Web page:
Intimate Matters: A History of Sexuality in America
As the first full-length study of the history of sexuality in America, Intimate Matters offered trenchant insights into the sexual behavior of Americans from colonial times to the present. Now, twenty-five years after its first publication, this groundbreaking classic is back in a crucial and updated third edition. With new and extended chapters, D’Emilio and Freedman give...more
Paperback, 3rd, 536 pages
Published December 3rd 2012 by University of Chicago Press
(first published April 1st 1988)
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A thorough overview of the main trends in America's tortured ideas about s*e*x*---not so much the down & dirty but concepts of gender, permissiveness, gaydom, and youth. As with most histories than span several centuries, the narrative goes broad rather than deep; occasionally you sense some repetition of ideas, which is inevitable, I suppose. Yet I found the final section on the 20th century, "The Rise and Fall fo Sexual Liberalism," fascinating. There's a great section on Margaret Sanger,...more
Despite getting quite a number of raised eyebrows when people caught sight of me reading this, it's not at all prurient or salacious. It's actually rather fascinating, despite the fact that the title really ought to be (A Mostly Heterosexual) History of Sexuality in America. There is very little in here about asexuality, bisexuality, homosexuality, which are mostly mentioned only in passing or in opposition to the prevailing heterosexual norm. I can understand why, to a certain extent, as the ov...more
Apr 01, 2013 Erik Graff rated it 4 of 5 stars · review of another edition Recommends it for: Americans
Recommended to Erik by: no one
This is a dry, academic study of sexual behavior in what is now the USA from the colonial period until the time of publication (1988). Among its virtues are efforts to distinguish between regions, races and classes. Among its deficits are the introductions and conclusions appended to its sections and subsections, all of which are yawningly abstract summaries of what is to come or of what has just happened. This may be in accord with any number of style books, but the way these authors handle it...more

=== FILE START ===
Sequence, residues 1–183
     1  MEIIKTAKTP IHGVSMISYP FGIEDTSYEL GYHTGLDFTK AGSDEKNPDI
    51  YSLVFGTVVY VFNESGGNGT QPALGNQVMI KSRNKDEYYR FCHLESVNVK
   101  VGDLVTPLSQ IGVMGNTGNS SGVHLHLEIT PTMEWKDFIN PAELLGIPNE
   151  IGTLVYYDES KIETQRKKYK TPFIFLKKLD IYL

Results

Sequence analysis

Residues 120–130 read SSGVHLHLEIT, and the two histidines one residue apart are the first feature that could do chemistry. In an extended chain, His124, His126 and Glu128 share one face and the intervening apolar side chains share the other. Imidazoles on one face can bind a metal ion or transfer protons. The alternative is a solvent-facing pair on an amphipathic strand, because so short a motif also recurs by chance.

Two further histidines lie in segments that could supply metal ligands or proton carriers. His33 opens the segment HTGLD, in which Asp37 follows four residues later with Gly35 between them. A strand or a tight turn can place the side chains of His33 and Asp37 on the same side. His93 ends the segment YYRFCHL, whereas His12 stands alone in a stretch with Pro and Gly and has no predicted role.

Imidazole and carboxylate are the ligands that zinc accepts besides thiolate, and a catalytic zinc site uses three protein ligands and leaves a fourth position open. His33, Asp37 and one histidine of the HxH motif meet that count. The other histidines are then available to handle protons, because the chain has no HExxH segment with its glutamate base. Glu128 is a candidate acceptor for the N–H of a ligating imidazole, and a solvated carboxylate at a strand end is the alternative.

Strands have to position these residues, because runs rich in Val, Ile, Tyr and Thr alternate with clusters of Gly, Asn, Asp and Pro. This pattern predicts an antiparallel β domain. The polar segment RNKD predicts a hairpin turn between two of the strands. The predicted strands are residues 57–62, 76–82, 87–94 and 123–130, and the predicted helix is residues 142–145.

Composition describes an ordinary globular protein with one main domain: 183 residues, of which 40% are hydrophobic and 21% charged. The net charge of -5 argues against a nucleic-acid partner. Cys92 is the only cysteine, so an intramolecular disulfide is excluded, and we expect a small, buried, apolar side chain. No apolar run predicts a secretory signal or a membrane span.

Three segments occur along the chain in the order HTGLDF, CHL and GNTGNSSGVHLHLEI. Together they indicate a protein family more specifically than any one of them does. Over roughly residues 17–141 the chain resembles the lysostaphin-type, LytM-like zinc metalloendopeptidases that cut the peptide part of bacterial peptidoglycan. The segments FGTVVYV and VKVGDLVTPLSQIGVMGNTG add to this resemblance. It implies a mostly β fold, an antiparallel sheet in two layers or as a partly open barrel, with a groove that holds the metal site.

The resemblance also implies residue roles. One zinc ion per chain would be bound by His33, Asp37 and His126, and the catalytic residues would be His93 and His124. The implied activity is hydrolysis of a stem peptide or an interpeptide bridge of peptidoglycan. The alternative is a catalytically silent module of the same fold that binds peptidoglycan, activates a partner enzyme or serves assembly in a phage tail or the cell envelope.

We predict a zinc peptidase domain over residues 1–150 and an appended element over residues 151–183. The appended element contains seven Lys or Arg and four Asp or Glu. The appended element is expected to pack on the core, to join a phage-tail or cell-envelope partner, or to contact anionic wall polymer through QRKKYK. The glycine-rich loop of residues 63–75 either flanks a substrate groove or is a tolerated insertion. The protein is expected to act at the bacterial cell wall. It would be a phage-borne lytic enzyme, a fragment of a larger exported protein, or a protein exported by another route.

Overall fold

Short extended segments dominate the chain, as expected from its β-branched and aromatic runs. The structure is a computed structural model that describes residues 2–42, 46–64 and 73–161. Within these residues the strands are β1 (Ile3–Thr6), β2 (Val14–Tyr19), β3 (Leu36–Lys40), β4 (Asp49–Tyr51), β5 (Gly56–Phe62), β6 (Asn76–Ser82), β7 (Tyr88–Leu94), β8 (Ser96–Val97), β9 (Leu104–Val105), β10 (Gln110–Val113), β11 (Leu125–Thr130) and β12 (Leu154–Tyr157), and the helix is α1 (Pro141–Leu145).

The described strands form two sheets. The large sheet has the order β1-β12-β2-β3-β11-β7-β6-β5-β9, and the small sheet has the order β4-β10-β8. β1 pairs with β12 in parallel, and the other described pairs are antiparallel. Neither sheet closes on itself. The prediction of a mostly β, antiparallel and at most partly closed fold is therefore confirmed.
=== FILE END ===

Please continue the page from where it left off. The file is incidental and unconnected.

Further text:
The chronological span of this book is remarkable, beginning the study in Colonial America and bringing it to our contemporary culture in the recent past (2010s). This survey traces changes in perception and expression of American sexuality, as it relates to changes in politics, economy, and family structures. A strength of the book is the authors' attention to the shifting dynamics of feminine sexual politics, wherein women went from being denied their sexuality toward the sexual objectificatio...more
Mar 21, 2009 Meen rated it 4 of 5 stars · review of another edition Recommends it for: Everyone should read it. Get informed people.
Recommended to Meen by: Karen Cox
This edition ends in the '80s, so it was kinda depressing in the final chapter knowing how political conservativism, particularly its religious fundie aspects, ended up becoming dominant and rolling back many of the gains of the feminist and gay rights movements. Their ideology is so fear-based, so NOT based in rationality or factual evidence. I feel like I can breathe a little now that they have lost a lot of their power, but damn, we really gotta remain vigilent. There's no reasoning with peop...more
Aug 30, 2012 Cassandra rated it 4 of 5 stars · review of another edition
Good synthesis. Nicely organized, and easy to read. The only reason that I wouldn't give it 5-stars is because only really highlighted mainstream sexuality and the struggle to understand/maintain those norms (though the authors are careful to include gay/lesbian history as well). I wish there had been more discussion of the taboo, juxtaposed with their discussion of the norms. I will likely hunt down a copy of the 2nd edition to fill the void left by their hasty epilogue in the 1st edition that...more
Really thorough history of marriage and sex 16th-Century thru 20th-Century. Very enlightening, especially around intersections of race and class and how control of sexuality has been used as a tool to maintain hierarchies in the United States. Also really enlightening history on the ever-changing meaning of marriage among differing groups and religions. Could have been more nuanced around some of the feminist history but all in all, really great book. Highly recommend it!
John D'Emilio is a professor of history and of women's and gender studies at the University of Illinois at Chicago. He has taught previously at George Washington University and the University of North Carolina at Greensboro. He earned his Ph.D. from Columbia University in 1982, where his advisor was Kenneth T. Jackson. A Guggenheim and National Endowment for the Humanities fellow from 1995 to 1997...moreMore about John D'Emilio...